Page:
West Suffolk councils to create single authority West Suffolk councillors are considering plans to create a new single council to meet future challenges and better drive prosperity in the region. Forest Heath District Council and St Edmundsbury Borough Council have already demonstrated that sharing services can be effective, having achieved annual savings of £4 million. Councillor James Waters, leader of Forest Heath District Council and councillor John Griffiths, leader of St Edmundsbury Borough Council, have issued a statement of intent calling for both authorities to look at creating one single body for west Suffolk. The changes, which would be based on

current district and borough council services and boundaries, would mean an even greater ability to: deliver services vital for its communities while at the same time drive forward an ambitious vision of growth, jobs and economic prosperity for its unique area; future proof for the next decade and beyond – to ensure a firm financial base and stability to meet the challenges faced by its communities such as health, need for homes and reduced national funding; and consolidate the savings and efficiencies it has made and make even more that can be reinvested to work with and benefit its communities. Griffiths said: “We have already achieved much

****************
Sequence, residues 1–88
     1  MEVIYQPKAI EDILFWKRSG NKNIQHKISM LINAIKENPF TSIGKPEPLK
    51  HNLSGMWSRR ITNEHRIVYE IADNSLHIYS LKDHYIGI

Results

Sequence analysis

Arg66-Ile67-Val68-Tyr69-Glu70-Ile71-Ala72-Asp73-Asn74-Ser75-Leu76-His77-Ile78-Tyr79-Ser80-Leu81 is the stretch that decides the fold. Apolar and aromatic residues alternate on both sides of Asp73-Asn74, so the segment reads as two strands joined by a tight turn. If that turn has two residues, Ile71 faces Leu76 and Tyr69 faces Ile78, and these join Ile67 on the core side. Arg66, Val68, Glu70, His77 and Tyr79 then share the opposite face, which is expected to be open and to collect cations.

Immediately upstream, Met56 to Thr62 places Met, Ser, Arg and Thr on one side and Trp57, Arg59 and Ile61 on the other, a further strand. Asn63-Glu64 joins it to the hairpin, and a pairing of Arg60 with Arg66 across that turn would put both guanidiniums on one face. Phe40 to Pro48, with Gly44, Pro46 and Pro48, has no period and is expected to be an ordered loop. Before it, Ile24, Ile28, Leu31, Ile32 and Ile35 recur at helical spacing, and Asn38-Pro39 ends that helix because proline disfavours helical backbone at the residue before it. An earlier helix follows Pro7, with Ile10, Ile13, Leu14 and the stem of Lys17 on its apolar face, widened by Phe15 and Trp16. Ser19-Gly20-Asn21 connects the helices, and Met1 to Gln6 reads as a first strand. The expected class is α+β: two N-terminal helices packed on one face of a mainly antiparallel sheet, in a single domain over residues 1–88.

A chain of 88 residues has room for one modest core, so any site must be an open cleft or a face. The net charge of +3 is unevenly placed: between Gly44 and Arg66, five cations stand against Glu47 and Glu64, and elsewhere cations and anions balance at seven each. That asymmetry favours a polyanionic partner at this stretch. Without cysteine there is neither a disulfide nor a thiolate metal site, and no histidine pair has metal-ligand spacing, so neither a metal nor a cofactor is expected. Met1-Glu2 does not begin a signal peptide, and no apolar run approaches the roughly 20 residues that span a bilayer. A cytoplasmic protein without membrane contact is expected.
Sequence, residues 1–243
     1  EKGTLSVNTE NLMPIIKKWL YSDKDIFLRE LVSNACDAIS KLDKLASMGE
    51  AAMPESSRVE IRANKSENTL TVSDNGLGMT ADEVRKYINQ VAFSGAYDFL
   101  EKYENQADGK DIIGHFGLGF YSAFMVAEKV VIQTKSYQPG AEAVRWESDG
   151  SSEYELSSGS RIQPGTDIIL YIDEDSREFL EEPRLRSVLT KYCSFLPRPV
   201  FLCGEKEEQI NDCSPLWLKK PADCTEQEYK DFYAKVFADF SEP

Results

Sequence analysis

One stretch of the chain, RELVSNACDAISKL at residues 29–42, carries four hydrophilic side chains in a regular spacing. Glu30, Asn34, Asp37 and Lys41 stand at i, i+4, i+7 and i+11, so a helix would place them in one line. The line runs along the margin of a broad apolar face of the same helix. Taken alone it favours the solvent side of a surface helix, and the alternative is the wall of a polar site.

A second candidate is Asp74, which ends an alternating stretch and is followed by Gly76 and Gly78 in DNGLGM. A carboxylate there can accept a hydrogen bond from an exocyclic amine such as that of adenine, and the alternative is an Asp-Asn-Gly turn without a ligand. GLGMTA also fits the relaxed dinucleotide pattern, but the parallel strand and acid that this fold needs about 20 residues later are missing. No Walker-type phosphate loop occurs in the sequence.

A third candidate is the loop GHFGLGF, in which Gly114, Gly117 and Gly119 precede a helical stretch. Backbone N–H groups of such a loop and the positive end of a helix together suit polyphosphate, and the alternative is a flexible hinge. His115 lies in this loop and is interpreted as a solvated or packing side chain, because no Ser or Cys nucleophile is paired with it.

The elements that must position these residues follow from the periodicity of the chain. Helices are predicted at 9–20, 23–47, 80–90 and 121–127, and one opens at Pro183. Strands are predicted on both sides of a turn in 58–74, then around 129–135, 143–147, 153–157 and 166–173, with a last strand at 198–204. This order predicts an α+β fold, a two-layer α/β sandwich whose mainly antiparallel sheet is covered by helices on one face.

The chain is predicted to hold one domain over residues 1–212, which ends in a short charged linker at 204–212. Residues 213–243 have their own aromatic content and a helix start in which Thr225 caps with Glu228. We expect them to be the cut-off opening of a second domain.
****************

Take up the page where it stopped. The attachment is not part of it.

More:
working together and sharing services, directly benefiting our communities. That has given us the firm financial footing and now a golden opportunity to look at how to even better meet future challenges, drive growth and prosperity while continuing to deliver high quality services. “We already work closely but this could enable us to be both stronger together and more fleet of foot, to grasp commercial opportunities to further benefit our communities, deliver housing and talk to big business and government. At the same time we would remain small enough to actually deliver the real local initiatives in west Suffolk that are vital.” READ MORE: